As we mentioned in the podcast that accompanied our most recent post, an injury that is critical to identify in blunt trauma yet easy to miss or forget is pelvic fractures and pelvic trauma. Significant injuries occurring to the pelvic ring usually involved high mechanisms of injury such as high speed MVCs, motorcycle crashes, pedestrian struck, and falls from significant height. Pelvic fractures can be associated with a significant amount of bleeding, hypotension, and increased mortality. Mortality for all trauma patients with pelvic trauma ranges from 5-30%. If there is associated hypotension, mortality rises to 10-42%.
Pelvic fractures can be classified based on the mechanism of injury:
- Lateral compression (60-70%)
- Anterior-posterior compression (15-20%) aka “open book”
- Vertical shear injury (5-15%)
Bleeding in these injuries is thought to arise from injuries to the sacral venous plexus, from the bone fragments themselves, or from injuries to the iliac vessels (arterial or venous). It is thought that application of external, circumferential compression can stabilize pelvic fractures, reduce pelvic volume, reduce hemorrhage, and thereby improve patient outcomes and mortality. BestBets.org took a look at the topic of pelvic binding devices in 2013. Regarding stabilization of pelvic fractures, they reviewed studies that looked primarily at symphyseal diastasis and reduction of horizontal displacement. They found overall that the evidence was generally poor in quality, but found that cadaveric models did demonstrate the ability of devices like the T-Pod carried on AirCare to reduce symphyseal diastasis. BestBets.org also reviewed articles that sought to demonstrate the effect of pelvic binders on hemorrhage, hemodynamics, and mortality. They found no high quality studies that addressed these outcomes (studies were limited by lack of comparison groups, heterogenous treatment strategies, and small numbers). Case series have reported significantly improved hemodyanmics with the application of pelvic binders but no studies have demonstrated improved mortality or decreased rates of blood transfusion.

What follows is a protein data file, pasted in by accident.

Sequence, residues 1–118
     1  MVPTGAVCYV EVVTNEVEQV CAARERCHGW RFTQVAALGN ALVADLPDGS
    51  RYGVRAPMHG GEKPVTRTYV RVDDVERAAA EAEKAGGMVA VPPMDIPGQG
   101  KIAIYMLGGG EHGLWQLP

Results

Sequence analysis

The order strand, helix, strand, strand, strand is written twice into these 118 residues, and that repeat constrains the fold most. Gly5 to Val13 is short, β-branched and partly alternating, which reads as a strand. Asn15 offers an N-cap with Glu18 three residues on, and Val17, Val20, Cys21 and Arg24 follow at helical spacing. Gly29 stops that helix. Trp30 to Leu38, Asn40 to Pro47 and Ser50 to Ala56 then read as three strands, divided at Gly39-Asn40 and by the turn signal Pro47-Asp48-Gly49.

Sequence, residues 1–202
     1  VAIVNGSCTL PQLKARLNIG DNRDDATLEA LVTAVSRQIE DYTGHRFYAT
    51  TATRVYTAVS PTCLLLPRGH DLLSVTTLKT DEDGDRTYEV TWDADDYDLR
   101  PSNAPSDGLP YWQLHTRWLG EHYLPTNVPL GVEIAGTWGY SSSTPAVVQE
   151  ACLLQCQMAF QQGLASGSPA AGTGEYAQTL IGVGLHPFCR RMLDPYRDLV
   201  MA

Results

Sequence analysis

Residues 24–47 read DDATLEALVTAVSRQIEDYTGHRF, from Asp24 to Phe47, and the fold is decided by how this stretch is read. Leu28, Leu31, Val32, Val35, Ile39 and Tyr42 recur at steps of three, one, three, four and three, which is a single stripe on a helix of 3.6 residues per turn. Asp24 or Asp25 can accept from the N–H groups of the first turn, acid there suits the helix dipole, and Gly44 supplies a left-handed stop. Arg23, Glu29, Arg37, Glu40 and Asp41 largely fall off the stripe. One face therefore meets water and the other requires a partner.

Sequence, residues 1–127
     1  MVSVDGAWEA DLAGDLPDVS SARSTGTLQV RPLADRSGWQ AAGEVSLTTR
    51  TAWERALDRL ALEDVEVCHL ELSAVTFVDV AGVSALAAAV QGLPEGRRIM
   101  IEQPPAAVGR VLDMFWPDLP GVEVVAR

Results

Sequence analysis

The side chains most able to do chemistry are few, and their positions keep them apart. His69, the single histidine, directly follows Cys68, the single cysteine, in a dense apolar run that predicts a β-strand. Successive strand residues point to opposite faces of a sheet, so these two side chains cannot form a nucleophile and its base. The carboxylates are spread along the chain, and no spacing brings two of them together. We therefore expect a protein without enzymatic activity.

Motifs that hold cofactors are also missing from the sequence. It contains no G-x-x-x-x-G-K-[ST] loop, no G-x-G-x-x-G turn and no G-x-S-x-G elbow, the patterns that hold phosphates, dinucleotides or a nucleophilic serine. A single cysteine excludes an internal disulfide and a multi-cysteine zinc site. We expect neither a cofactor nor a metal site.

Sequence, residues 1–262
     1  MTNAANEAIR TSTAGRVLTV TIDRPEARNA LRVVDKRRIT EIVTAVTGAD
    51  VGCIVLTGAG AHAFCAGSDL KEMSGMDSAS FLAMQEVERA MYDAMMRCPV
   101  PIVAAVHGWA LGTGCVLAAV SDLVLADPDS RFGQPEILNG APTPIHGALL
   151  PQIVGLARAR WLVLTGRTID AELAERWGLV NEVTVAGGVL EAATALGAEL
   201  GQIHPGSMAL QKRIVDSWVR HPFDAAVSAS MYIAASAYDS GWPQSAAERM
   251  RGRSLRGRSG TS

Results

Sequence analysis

Where does that leave us?
Well, when evidence is lacking, prior experience usually guides our actions. Few studies have looked at harms associated with the application of a T-Pod like device, but it would be anticipated that the harms would be few. In general, a fair approach to these patients is that anyone with pelvic pain or instability and a good mechanism of injury should be a candidate for a pelvic binder. Patients with signs of shock with a blunt mechanism of injury should probably have a pelvic binder placed prior to transporting them. Many flight nurses and physicians can relay experiences where removing a pelvic binder was followed immediately by significant drops in BP, increases in HR.
What is the proper way to place the T-Pod?
Several articles have looked at how placement of the T-Pod affects its ability to reduce pelvic volume and pubic symphyseal diastasis. Bonner, et al (2011) found in a retrospective study of patients at a military hospital over the course of 30 months that when the T-Pod is placed higher than the level of the greater trochanters, there is significantly increased widening at the pubic symphysis (22 mm difference from correct placement). Ideally the T-pod should be placed so that it circumferentially compresses the pelvis at the level of the greater trochanter. Take a look at the videos below for instruction on how to properly place the T-Pod
Procedural Slide Set
First Person Video
- ATLS Student Course Manual, 9th Edition. American College of Surgeons, 2012.
- Stewart, M. Pelvic compression devices: Panacea or myth? (2013) http://bestbets.org/bets/bet.php?id=2516
- Clarke, D. Stabilization of Pelvic Fractures (2013) http://bestbets.org/bets/bet.php?id=2424
- Bonner, T., Eardley, W., Newell, N., Masouros, S., Gibb, I., Clasper, J. (2011) Accurate placement of a pelvic binder improves reduction of unstable fractures of the pelvic ring. Journal of Bone and Joint Surgery of Britian. 93 (11): 1524-8. doi: 10.1302/0301-620X.93B11.27023.